UES Supreme Council refrains from knowing the controversy in the humanities

The University of El Salvador’s (UES) Supreme University Council refused to learn of the dispute that prevented 8,500 students from the Faculty of Sciences and Humanities from starting classes for the second session this year, three sources from the organization confirmed.

A member of the CSU on Thursday, March 11, requested that the college board’s internal conflict be included in the agenda that no agreement was reached by approving class schedules, an earlier move for students to score subjects, due to differences in the appointment of teachers.

A member of the CSU, who requested anonymity, stated that the necessary 20 votes were not reached to include the issue on the agenda of the organization, which the UES itself described as its highest entity in the administrative, teaching, technical and disciplinary function. He explained, “There was complete silence. We tried to agree to it and got only 17 votes. We lost three to make it an agenda item. Only the majority of professors and some deans supported it.”

He added that it was possible that 20 votes had not been achieved because the teaching sector “feared” the student backlash movement whose representatives on the board refused to vote to approve class schedules, arguing that leadership academics from college departments and schools suggested hiring teachers for “personal whims” and Favoritism. Other sources from the board told LA PRENSA GRÁFICA this week that students want to hire professors associated with their movement.

This newspaper consulted with Vice Academic Counsel, Raul Azconaga, Vice Administrative Counsel, Juan Rosa Quintanilla, and other members of CSU, as to why the item on the agenda was not approved. Azconaga argued that the CSU refused because “there was no written proposal and the oral motion was put to a vote to be placed on the agenda so that the body could issue a statement on a point not officially known.” He added that the college authorities were “making efforts to resolve the situation.”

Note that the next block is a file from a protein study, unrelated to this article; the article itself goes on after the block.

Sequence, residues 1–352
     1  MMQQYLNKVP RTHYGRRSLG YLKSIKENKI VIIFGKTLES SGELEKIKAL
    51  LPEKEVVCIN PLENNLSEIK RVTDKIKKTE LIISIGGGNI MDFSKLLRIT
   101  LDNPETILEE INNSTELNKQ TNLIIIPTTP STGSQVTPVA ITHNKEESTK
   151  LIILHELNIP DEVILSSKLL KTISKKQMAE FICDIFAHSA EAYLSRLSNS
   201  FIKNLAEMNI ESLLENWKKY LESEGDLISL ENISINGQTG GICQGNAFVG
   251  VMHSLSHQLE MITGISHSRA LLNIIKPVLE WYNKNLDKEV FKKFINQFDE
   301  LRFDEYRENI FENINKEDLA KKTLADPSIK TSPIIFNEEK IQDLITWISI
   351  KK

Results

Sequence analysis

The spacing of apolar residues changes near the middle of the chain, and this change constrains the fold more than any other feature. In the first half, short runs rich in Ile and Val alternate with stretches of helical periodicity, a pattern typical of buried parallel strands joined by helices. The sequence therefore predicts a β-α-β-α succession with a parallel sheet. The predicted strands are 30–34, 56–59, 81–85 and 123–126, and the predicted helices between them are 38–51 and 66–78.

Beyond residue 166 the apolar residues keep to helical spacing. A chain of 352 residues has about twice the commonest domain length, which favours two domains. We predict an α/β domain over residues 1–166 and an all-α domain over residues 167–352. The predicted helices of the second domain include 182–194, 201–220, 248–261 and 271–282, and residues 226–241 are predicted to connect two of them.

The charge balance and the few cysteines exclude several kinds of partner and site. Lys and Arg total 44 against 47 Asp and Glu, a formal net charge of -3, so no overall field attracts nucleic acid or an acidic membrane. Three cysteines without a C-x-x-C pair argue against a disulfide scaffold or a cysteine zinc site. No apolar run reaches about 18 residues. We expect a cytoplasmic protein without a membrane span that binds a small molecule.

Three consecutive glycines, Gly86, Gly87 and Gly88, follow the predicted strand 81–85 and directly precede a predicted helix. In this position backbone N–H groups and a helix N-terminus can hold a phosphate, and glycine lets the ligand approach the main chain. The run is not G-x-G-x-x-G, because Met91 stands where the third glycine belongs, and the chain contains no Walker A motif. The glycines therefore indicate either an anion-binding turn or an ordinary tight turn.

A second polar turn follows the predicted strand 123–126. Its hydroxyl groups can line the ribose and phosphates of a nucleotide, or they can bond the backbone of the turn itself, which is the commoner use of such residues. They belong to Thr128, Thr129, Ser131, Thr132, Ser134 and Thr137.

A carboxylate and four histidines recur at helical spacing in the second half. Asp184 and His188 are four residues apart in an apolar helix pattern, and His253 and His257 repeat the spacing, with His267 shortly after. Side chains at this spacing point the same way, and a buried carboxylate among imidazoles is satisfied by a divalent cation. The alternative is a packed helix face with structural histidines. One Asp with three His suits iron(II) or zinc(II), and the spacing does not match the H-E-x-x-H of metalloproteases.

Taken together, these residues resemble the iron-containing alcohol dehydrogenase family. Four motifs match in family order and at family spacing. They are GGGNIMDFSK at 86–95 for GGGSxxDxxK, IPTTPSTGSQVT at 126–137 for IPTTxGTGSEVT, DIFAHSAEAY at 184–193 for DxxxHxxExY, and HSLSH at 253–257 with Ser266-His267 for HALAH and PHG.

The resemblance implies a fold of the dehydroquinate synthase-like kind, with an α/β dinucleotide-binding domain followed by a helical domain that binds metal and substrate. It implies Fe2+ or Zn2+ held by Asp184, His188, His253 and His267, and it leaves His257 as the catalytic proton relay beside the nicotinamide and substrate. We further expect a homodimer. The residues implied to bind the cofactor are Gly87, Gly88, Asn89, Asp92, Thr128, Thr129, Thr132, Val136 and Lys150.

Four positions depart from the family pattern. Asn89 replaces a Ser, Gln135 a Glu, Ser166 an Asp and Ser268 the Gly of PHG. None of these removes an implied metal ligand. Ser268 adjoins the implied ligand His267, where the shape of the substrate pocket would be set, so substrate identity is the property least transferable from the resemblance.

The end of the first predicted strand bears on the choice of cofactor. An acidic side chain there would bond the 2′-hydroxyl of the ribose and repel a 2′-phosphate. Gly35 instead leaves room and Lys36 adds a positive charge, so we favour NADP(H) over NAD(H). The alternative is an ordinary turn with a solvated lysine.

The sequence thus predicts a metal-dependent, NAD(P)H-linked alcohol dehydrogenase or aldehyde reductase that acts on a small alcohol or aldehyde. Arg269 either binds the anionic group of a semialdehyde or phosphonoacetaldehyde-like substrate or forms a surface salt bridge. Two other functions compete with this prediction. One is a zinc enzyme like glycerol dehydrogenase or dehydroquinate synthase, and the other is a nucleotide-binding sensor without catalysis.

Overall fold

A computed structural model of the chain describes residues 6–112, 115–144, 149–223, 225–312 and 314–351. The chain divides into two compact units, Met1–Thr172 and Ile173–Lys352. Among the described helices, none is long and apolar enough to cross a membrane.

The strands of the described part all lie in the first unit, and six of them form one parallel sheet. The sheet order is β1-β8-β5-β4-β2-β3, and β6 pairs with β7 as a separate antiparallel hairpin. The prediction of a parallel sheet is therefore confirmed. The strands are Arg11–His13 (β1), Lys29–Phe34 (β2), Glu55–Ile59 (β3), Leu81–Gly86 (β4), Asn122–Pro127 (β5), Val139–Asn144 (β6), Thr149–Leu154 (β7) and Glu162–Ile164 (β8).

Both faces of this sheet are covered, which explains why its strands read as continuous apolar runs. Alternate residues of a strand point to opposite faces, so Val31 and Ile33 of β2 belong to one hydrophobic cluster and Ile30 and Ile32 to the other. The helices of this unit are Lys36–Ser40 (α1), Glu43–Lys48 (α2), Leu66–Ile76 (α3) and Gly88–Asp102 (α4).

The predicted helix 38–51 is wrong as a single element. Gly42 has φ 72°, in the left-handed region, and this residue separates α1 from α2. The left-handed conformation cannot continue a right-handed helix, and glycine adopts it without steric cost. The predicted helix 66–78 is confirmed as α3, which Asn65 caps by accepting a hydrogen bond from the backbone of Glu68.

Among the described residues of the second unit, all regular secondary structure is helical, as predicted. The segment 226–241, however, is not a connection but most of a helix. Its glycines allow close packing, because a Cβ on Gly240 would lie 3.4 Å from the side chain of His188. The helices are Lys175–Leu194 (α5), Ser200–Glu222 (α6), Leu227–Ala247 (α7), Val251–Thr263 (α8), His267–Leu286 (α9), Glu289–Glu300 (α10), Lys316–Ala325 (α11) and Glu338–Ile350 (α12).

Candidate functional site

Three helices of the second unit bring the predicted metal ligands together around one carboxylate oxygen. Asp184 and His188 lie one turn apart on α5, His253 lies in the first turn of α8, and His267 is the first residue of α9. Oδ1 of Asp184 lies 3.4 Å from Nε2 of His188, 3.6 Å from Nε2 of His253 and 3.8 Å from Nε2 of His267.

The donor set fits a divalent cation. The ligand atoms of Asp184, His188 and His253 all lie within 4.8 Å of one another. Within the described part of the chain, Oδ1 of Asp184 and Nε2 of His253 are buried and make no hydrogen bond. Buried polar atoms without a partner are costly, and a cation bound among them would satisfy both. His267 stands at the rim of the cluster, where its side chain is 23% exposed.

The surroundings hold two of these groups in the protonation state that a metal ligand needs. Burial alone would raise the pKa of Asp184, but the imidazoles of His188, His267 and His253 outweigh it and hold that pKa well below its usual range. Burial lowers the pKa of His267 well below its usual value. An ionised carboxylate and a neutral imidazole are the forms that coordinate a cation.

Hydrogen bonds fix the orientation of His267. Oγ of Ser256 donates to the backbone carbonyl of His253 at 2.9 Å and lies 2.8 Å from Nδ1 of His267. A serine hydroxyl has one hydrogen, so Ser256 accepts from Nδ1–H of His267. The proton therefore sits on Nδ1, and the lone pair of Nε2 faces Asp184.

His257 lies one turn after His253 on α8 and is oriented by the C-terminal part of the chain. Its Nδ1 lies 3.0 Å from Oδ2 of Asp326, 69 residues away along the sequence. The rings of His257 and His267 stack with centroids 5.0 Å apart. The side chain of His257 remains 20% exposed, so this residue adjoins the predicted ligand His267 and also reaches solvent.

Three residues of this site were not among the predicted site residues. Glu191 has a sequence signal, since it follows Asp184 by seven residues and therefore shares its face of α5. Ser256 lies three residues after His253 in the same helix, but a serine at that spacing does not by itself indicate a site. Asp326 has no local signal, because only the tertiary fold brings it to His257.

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Rosa Quintanilla emphasized that the college’s board of directors is responsible for resolving issues related to students’ academic load and the schedules in which teachers will teach classes. In addition, the college is independent.

“It’s a faculty-level situation that they haven’t been able to resolve, and they’re certainly on the verge of being able to make the agreement in question, and the University High Council can’t figure out the point until there is an unfavorable decision that comes through,” Rose’s resource explained.

A representative of the CSU teaching sector, Vicente Cuchillas, said on his Facebook that the petition meant that the board “has declared itself because the problem does not have much time, because we are at the beginning of the cycle” and added that “what the board had to do was support Legal procedures that make due process possible and advocate for a solution.”

On August 8, classes began in all UES faculties, except for the Sciences and Humanities.

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